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Brexit Leads To Drug Price Surge, Denies Patients NHS Life-Saving Drugs

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Thousands of people in the United Kingdom could be denied several life-saving drugs on the National Health Service (NHS), a new report found.

The price of several medicines surged following the Brexit-related plunge of the pound's value. This has increased the people's concerns that the NHS could no longer afford them.

For instance, Abi Longfellow, a 13-year-old kidney patient, said that the price of her medicine saw an increase of £16,000 ($21,258.72) just overnight following the Brexit.

Initially, the NHS agreed to purchase the medicine, which previously costs £136,000 ($180,699.12) from the United States. However, with the recent plunge in the pound's value, the drug now costs £152,000 ($201,957.84). This caused many people to be concerned that the drug purchase might be delayed, or worse, denied outright.

Longfellow is suffering from a rare kidney disease, which could end her life before she even turns 18 years old if she doesn't receive a transplant. The patient added that she had expected to get a confirmation last Friday if she will get the life-saving medicine.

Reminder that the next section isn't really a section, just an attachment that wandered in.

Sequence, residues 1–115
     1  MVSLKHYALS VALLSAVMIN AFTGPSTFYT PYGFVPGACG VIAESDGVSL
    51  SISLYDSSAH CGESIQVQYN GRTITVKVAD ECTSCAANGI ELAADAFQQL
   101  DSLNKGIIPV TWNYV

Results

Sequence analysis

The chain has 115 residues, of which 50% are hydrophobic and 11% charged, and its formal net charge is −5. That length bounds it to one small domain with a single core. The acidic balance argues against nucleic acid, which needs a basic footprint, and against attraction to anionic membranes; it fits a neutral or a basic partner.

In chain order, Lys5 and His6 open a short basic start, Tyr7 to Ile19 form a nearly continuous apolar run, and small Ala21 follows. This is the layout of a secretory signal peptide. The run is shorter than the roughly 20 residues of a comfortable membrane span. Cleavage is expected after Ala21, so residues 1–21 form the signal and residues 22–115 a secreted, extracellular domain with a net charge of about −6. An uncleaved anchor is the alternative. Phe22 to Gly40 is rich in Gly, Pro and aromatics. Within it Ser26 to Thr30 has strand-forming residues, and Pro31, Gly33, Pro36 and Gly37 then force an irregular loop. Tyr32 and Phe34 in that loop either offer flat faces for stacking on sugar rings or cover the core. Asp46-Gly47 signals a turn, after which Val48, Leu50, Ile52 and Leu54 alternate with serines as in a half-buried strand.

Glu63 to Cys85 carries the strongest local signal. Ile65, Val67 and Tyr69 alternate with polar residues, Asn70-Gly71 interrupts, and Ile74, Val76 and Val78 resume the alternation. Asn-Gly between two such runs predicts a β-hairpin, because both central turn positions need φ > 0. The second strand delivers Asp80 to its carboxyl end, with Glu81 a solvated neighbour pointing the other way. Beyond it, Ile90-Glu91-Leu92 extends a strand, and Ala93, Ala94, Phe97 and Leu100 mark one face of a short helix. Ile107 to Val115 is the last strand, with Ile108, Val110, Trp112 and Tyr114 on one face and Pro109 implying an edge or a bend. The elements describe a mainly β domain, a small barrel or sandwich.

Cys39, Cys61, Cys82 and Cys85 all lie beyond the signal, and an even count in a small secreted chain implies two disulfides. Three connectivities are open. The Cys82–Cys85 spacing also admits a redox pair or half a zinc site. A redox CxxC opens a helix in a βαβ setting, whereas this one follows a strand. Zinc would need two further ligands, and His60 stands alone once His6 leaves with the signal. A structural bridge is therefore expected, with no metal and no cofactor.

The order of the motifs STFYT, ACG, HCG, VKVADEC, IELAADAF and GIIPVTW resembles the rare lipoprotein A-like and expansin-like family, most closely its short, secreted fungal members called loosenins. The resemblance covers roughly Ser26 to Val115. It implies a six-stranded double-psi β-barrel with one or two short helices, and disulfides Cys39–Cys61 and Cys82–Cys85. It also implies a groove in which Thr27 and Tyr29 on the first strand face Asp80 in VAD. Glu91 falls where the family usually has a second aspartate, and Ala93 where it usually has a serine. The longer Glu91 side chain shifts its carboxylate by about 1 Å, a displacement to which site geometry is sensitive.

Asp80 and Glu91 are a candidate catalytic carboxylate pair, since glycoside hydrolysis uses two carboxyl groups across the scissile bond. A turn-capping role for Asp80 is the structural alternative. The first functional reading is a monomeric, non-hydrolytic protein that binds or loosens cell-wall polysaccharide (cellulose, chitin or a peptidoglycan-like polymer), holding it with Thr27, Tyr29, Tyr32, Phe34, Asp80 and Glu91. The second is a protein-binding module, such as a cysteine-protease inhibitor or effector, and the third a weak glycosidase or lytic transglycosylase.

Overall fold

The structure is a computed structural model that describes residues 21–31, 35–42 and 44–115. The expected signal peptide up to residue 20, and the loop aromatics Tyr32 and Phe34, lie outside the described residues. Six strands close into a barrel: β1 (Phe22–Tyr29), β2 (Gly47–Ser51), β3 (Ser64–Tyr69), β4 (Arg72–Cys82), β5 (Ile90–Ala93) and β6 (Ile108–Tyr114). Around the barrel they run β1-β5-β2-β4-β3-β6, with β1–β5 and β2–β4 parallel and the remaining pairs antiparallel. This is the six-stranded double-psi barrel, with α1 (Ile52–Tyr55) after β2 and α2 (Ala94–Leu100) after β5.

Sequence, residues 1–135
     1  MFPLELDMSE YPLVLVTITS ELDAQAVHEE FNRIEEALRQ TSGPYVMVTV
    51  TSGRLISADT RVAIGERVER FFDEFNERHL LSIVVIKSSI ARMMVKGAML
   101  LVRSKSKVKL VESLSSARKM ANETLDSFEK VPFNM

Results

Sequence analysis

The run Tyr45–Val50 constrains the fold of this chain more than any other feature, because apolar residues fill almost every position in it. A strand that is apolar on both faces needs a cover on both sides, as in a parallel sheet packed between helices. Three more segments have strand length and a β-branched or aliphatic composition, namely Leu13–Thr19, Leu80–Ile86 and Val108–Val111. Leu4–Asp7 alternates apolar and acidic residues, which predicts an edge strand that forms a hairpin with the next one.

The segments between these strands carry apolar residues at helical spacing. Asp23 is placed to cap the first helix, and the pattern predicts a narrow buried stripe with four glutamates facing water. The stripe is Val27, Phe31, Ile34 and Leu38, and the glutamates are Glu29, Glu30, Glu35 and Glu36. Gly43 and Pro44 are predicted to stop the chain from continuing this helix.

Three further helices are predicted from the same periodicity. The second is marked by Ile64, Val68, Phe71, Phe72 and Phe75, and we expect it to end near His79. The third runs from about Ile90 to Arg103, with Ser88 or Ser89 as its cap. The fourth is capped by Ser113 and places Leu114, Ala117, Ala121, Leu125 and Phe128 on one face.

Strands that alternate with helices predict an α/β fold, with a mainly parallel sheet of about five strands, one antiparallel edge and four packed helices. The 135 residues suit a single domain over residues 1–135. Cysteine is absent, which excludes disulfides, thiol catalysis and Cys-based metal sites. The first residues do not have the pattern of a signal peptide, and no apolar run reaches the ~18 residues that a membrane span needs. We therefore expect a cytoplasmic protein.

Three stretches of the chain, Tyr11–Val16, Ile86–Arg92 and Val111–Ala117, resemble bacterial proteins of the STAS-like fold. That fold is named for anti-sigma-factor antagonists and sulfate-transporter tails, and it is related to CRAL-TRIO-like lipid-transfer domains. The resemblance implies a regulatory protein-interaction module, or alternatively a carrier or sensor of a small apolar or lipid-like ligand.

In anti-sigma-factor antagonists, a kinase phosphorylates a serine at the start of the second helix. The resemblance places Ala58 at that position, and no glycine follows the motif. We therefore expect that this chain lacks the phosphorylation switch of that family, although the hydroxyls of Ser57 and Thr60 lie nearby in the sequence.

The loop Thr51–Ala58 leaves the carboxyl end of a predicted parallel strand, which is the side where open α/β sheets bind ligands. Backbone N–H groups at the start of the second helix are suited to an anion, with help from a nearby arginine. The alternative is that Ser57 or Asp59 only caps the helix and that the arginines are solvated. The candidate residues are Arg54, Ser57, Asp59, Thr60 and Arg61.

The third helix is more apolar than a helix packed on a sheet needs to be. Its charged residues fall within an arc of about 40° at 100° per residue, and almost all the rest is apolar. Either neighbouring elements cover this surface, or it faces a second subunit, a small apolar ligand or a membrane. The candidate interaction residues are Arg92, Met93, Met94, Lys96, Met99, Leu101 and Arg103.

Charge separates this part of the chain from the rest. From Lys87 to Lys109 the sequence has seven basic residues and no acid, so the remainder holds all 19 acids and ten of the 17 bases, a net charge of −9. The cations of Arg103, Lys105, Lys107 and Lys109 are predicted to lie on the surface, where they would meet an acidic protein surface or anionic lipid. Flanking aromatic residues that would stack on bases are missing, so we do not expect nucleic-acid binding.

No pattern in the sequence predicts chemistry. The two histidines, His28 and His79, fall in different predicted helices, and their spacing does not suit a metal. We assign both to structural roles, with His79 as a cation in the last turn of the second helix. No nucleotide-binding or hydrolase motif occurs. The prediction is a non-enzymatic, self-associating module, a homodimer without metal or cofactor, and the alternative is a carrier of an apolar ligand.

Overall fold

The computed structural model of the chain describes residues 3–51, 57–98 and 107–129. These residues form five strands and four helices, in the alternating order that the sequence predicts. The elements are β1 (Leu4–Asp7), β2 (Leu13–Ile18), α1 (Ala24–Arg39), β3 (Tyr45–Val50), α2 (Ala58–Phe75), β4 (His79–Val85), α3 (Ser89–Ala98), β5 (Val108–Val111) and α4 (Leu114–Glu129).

Because of her condition, she is undergoing dialysis 10 hours daily. She also suffers from acute pain.

"I understand [the delay] is because our finance team need more time to check that the costings we have based our prioritization decisions on are all still correct post-Brexit and the changes in the value of Sterling," states the email that she received.

Moreover, the email explained that the NHS purchases some of the medicines in dollars and euros because the majority of the large pharmaceutical firms are not based in the United Kingdom. Longfellow added that she just wants the delays to end, get the transplant and "lead a normal life."

Last month, Longfellow also faced another setback when she was told that her 46-year-old father, Andy, is no longer an eligible match for her kidney transplant operation. It was initially thought that her father would be the perfect match. Unfortunately, new technology tests showed that the daughter could have rejected the father's organ.

Longfellow is just one of the many patients affected by the NHS' decision to put on hold several services and drugs. For instance, child gender dysphoria patients, a condition wherein patients believe they were born with the wrong sex, also need to wait to find if they are eligible for the cross-sex hormones when they reach the age of 15.

Sadly, even HIV patients need to do some waiting time to find out if they are eligible to get the Tenefovir Alafenamide drug. This medication can potentially stop the disease from spreading in the body.

Photo: Asraff Jamaludin | Flickr

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